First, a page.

This Week in Essays
“I kept telling him it was okay. He tried to trust me. He wanted to trust me. But he already knew what all Black men know: when they are being hunted, their mothers can’t save them.” Here at The Rumpus, Desiree Cooper stands witness to the criminalization of innocent Black boys and men like her son.
For The Walrus, Sarah Musgrave finds a new way to travel in these times and becomes transfixed by Roman webcams.
At Catapult, a lapse in medication causes direct conflict between Shira Erlichman’s bipolar disorder and her work as a nanny.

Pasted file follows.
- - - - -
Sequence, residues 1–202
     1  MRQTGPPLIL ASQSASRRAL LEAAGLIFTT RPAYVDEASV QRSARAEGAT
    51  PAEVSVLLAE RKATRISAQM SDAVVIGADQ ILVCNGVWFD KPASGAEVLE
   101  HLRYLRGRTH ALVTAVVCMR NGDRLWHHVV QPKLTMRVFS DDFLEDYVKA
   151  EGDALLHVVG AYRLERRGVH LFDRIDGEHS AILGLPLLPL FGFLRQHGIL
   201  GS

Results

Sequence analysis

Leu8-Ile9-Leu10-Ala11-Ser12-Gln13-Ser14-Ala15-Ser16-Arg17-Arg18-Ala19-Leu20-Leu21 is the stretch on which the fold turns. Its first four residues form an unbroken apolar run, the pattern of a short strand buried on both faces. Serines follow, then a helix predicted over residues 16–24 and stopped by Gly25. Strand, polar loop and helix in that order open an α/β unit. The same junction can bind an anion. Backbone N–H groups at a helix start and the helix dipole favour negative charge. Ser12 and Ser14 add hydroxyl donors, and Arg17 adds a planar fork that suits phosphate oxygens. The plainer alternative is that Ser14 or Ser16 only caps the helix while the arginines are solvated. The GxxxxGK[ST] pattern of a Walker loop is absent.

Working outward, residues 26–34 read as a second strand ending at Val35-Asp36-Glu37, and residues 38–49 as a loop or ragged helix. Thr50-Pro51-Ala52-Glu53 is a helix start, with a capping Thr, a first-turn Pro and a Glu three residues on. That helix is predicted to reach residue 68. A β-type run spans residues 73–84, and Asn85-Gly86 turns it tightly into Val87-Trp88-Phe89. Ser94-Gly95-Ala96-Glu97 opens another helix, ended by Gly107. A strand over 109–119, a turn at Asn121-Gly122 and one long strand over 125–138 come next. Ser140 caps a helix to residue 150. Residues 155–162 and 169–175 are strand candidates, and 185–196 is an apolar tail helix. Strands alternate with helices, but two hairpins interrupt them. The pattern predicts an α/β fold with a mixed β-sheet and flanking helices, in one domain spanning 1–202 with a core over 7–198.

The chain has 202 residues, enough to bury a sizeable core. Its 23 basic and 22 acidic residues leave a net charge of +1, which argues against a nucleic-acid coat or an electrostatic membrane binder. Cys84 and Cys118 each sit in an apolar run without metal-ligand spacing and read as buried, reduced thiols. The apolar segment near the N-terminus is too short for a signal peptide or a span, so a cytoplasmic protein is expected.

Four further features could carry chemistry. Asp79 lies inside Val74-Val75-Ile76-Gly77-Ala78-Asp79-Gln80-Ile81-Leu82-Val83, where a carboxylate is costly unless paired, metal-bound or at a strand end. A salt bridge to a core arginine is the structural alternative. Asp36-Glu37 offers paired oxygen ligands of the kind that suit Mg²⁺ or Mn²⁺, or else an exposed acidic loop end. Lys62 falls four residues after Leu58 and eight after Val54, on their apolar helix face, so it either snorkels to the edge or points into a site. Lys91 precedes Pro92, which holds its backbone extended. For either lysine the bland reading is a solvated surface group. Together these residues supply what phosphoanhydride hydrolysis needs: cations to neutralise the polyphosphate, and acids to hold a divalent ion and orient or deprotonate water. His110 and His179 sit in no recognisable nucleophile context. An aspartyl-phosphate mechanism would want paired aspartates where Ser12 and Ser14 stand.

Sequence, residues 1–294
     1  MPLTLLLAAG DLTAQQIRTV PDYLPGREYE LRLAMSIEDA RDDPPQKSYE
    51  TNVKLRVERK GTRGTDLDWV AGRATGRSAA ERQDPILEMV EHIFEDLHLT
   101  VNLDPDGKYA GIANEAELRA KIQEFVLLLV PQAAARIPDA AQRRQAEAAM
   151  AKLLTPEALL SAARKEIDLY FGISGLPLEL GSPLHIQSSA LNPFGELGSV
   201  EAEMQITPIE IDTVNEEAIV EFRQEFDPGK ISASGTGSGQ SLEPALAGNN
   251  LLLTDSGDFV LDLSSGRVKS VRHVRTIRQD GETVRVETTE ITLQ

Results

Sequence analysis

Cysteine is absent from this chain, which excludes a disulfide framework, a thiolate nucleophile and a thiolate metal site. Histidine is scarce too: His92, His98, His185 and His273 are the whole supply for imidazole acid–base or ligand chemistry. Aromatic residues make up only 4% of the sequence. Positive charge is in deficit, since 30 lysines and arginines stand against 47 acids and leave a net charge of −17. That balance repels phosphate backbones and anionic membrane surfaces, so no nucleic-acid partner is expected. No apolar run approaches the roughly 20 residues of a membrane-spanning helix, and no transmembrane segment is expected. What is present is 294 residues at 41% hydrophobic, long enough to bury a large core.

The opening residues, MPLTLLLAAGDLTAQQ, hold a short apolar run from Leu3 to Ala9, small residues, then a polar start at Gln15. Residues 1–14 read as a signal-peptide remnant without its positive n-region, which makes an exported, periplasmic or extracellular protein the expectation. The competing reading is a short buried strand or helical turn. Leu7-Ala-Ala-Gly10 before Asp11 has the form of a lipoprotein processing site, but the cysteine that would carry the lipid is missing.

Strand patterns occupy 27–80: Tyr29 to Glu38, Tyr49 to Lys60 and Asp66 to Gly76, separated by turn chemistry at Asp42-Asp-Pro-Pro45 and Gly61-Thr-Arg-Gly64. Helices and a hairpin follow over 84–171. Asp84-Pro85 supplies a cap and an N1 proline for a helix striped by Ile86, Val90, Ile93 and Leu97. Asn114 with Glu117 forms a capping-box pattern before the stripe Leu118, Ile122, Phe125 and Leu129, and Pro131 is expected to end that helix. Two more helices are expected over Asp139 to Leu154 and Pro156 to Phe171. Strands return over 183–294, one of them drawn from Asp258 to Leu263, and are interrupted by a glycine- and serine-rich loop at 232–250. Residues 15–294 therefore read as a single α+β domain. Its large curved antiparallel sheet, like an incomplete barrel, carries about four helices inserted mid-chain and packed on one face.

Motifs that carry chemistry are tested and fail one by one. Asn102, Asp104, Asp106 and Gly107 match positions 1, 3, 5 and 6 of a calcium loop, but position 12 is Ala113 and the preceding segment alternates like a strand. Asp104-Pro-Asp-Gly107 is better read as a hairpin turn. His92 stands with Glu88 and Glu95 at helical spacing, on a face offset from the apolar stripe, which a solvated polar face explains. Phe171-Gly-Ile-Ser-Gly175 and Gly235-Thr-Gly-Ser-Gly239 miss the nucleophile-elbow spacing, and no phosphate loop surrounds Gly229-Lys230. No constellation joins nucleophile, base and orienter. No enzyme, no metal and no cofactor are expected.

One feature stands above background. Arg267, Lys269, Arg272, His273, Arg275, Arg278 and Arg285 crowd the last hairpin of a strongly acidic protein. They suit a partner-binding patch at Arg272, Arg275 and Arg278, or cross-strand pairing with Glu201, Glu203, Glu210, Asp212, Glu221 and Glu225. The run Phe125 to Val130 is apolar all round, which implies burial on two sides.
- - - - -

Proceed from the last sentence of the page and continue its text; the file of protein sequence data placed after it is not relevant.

“To assimilate was to become black, and to become black, well, that was unimaginable.” Coming to the US, Mohamed Abdulkadir Ali goes from Somalian to Black and takes on the anxieties that come with that classification, over at the New York Review of Books.
Back The Rumpus, Amanda Montei takes a look at the narratives a new mother builds for her child.
Jaclyn Moyer’s social distancing includes ants and a Beatles song, over at Guernica.
Kelana Celine Johnson finds space to write and dream in Italy, over at midnight & indigo.
Logo art by Max Winter.